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IP Corner: Miley Cyrus Copyright Dispute

IP Corner: Miley Cyrus Copyright Dispute

In this week’s IP corner we’ll be focusing on the differences between US and UK copyright law, how you can protect your work and ensure you are not accidentally taking someone else’s!

Most recently Miley Cyrus found has found herself in the hot-seat, and is facing a copyright infringement lawsuit for posting a picture of themselves on Instagram without the correct licensing or permissions from the photographer.

On Friday, September 9, paparazzi photographer Robert Barbera filed a copyright infringement lawsuit against Cyrus, claiming she reposted his 2020 photo  that showed her waving to onlookers as she exited a building in February of that year. The image was shared her 180 million followers without permission from Barbera, who had registered the photo with the U.S. Copyright Office on April 11 but didn’t notice Cyrus had posted it until a month later. According to the site Law360, Barbera claimed the photo “increased traffic” to Cyrus’ account and caused her an increase in the revenues generated through the sale of her music or associated business partnership.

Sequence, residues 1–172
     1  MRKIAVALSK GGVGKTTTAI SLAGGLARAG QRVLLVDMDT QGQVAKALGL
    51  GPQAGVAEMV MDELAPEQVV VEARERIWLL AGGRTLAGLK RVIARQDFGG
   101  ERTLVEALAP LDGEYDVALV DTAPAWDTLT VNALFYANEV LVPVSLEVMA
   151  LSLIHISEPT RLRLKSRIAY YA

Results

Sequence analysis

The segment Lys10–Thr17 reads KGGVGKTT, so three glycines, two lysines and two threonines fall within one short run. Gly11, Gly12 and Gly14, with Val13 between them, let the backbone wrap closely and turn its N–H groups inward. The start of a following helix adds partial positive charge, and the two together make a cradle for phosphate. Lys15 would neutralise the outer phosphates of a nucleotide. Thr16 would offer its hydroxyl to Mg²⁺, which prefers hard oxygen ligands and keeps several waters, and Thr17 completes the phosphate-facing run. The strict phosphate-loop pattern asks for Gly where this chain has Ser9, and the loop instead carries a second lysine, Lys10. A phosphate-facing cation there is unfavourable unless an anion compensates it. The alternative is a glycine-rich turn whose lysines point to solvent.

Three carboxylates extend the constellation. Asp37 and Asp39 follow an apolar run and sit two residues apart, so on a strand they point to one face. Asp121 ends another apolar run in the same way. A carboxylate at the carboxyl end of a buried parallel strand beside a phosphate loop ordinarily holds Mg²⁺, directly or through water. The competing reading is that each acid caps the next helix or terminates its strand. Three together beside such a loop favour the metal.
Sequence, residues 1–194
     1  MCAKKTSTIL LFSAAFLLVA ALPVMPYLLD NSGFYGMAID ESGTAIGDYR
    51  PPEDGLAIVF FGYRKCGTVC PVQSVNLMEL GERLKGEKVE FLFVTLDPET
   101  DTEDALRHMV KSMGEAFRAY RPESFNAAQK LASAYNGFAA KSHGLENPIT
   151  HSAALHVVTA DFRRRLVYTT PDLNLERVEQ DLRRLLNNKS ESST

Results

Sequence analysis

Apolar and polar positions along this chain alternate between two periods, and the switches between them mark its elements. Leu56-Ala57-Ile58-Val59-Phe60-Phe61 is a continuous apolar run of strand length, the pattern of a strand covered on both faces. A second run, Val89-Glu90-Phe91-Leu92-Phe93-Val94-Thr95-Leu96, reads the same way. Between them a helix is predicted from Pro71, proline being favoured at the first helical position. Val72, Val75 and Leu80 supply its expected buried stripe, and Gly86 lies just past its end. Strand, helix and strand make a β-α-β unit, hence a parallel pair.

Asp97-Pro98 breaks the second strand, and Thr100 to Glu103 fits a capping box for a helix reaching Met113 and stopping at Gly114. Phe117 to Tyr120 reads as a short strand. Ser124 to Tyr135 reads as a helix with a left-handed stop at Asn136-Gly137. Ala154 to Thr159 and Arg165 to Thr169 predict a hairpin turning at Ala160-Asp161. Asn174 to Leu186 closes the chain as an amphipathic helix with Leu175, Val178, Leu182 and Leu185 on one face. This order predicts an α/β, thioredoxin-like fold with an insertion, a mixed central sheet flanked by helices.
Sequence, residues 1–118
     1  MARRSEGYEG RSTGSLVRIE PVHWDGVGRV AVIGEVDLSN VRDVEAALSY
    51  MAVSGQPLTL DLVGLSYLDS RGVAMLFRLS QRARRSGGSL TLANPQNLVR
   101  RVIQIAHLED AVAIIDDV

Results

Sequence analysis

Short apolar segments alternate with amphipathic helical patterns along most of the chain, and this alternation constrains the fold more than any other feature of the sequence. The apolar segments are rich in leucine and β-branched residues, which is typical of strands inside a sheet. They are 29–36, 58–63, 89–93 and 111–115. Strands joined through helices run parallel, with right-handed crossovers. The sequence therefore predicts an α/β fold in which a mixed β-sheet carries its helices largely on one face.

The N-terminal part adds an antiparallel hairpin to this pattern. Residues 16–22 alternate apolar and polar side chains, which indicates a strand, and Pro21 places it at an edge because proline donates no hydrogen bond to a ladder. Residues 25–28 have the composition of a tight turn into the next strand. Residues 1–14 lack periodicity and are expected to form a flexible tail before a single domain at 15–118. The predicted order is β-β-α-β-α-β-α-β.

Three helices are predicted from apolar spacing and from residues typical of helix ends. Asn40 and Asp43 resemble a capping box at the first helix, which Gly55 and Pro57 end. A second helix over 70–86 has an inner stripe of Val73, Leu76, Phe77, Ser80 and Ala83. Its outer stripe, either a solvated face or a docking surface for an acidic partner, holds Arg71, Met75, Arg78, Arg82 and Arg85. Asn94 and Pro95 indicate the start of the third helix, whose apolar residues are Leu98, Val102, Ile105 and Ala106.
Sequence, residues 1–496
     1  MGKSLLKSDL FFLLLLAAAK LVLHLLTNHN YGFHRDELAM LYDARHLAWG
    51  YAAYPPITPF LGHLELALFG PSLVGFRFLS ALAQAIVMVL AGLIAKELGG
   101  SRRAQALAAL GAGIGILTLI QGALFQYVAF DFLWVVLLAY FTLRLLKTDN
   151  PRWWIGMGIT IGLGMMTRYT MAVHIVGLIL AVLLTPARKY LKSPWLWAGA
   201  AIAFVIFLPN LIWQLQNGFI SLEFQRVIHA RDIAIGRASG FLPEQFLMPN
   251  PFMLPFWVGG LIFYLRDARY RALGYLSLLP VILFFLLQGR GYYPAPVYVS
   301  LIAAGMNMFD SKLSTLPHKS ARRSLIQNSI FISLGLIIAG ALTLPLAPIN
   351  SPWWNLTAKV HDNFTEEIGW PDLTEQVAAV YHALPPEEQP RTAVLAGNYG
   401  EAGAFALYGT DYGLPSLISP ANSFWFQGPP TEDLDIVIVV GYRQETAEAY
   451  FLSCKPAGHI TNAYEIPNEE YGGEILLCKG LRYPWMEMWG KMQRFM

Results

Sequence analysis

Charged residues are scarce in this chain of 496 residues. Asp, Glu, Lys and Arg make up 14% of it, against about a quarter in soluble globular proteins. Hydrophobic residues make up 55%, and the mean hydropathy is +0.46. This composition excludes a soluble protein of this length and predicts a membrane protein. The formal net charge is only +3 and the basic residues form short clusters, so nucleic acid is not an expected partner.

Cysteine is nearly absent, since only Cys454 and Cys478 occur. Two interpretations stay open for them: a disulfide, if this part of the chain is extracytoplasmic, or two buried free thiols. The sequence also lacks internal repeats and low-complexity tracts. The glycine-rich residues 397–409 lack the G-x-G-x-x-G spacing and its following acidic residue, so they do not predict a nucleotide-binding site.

In the UK, copyright is an automatic right. This means you don’t need to formally register it. However, this makes it even more important to understand how to protect your own work, and what is permitted when using other people’s work.

Copyright protects a wide range of creative works – literary, artistic and musical, as well as most recordings and broadcasts, and most software. It protects you from other people copying your work, or using your work without your permission.

Here are some useful links that Miley might have found useful!

Copyright (comprehensive information from the UK Intellectual Property Office)

Who owns the copyright?

Using other people’s work (produced by copyright academics, with the aim of making UK copyright law accessible to the public.

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